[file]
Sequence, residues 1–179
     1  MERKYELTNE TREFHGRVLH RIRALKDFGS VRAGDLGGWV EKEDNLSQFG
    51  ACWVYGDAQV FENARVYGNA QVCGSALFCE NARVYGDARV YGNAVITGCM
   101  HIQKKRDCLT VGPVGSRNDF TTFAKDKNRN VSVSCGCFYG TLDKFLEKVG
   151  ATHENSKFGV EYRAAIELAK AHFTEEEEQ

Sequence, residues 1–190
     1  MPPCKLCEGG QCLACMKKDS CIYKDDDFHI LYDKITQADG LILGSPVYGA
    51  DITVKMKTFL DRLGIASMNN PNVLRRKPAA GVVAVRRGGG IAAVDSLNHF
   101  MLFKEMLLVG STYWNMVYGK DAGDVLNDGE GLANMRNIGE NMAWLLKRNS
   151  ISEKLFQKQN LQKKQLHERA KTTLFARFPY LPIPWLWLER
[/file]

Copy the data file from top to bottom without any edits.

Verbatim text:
Sequence, residues 1–179
     1  MERKYELTNE TREFHGRVLH RIRALKDFGS VRAGDLGGWV EKEDNLSQFG
    51  ACWVYGDAQV FENARVYGNA QVCGSALFCE NARVYGDARV YGNAVITGCM
   101  HIQKKRDCLT VGPVGSRNDF TTFAKDKNRN VSVSCGCFYG TLDKFLEKVG
   151  ATHENSKFGV EYRAAIELAK AHFTEEEEQ

Sequence, residues 1–190
     1  MPPCKLCEGG QCLACMKKDS CIYKDDDFHI LYDKITQADG LILGSPVYGA
    51  DITVKMKTFL DRLGIASMNN PNVLRRKPAA GVVAVRRGGG IAAVDSLNHF
   101  MLFKEMLLVG STYWNMVYGK DAGDVLNDGE GLANMRNIGE NMAWLLKRNS
   151  ISEKLFQKQN LQKKQLHERA KTTLFARFPY LPIPWLWLER